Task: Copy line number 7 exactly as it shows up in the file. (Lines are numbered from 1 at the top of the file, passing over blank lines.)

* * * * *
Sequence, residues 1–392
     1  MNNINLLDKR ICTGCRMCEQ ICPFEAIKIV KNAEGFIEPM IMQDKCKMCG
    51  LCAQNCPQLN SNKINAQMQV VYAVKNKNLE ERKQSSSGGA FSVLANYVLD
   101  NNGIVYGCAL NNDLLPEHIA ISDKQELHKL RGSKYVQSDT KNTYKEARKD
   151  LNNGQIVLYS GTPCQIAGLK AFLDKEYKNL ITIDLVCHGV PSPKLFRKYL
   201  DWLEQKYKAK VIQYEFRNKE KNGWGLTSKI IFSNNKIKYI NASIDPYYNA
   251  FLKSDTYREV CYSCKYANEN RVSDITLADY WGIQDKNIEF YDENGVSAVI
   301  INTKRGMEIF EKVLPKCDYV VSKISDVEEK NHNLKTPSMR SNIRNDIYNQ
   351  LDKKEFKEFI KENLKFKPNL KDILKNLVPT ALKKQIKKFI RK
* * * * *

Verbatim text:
   251  FLKSDTYREV CYSCKYANEN RVSDITLADY WGIQDKNIEF YDENGVSAVI